STA, 2 October 2019 - The Constitutional Court has ruled in a close vote that the retirement and disability pension act is not unconstitutional in the part that prevents sole proprietors from receiving full pension if they decide to continue working after reaching retirement age.
The top court, which received the review request from the Ljubljana Labour and Social Court, said on Wednesday that intergenerational fairness, equality and financial sustainability took precedence over the interests of sole proprietors.
It ruled that the constitutional right to pension does not ensure that individuals receive old-age pension when they do not give up working. The Constitution guarantees the right to a pension to individuals who have paid their contributions if they also meet all other reasonable conditions.
It is reasonable to make full pension conditional on giving up work, considering the benefits pursued, said the court, which decided in a 4 to 5 vote that the act was not in violation of the constitutional right to social security. Two judges also submitted dissenting opinions.
Meanwhile, the court was unanimous in its decision that the act was not in contradiction of the constitutional principle of equality, comparing other groups who may also continue working after reaching retirement age.
It also said that the act followed the principle of protection of legitimate expectations and was not in conflict with the right to free economic incentive.
The court also said that there are a number of reasons why sole proprietors decide to either continue work or retire, adding that it was not the legislature's intention to encourage sole proprietors to stop working and also could not have foreseen such decisions being made.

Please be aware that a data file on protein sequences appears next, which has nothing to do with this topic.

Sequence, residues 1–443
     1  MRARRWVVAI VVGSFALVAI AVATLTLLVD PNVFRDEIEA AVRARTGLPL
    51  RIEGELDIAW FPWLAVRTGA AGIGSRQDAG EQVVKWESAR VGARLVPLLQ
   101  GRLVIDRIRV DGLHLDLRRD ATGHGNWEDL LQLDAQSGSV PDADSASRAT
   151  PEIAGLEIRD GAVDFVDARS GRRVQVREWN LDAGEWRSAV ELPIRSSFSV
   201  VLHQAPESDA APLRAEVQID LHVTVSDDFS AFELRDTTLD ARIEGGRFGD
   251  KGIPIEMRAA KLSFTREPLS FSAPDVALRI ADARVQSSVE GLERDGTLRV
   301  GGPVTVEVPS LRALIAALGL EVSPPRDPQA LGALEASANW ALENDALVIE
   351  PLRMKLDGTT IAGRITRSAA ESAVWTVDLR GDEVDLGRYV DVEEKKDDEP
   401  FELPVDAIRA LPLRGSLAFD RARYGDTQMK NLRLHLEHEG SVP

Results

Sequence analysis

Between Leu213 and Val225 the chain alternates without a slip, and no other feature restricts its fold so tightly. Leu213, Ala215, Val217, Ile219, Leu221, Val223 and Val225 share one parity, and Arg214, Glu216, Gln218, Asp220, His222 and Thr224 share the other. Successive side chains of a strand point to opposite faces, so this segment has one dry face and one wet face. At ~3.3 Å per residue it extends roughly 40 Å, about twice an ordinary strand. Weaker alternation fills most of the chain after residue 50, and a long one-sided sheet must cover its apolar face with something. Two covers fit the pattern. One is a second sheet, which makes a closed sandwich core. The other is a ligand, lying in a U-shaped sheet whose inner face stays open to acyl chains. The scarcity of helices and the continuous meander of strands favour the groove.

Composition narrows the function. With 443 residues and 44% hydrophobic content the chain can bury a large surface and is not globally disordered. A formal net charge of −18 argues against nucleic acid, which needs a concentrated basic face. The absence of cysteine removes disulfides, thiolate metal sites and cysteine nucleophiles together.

Sole proprietors, who continue working have to give up up to 80% of their pension. Meanwhile, legislative changes are in the pipelines that would decrease this figure to 50%.
The Chamber of Crafts and Small Business (OZS) responded by stressing the decision had been made in a close vote and that dissenting opinions showed that the existing rules were neither appropriate nor just.
The OZS has been striving for Slovenia to introduce double status of pensioners who want to continue working, a solution that would enable them to receive full pension.
The chamber agrees with judge Etelka Korpič Horvat, who said in her dissenting opinion that double status would be beneficial for everybody. Retired proprietors would be able to continue working and would also contribute to the pension and health insurance purses.
"It is also far from insignificant that double status eliminates the poverty of those with low pensions. Double status strengthens the value of labour without preventing the young generations from working," the OZS quotes Korpič-Horvat's opinion.
The chamber also expressed the belief that the decision and the dissenting opinions would convey to the National Assembly that it could introduce a double system that would be much fairer and more reasonable than the existing provisions.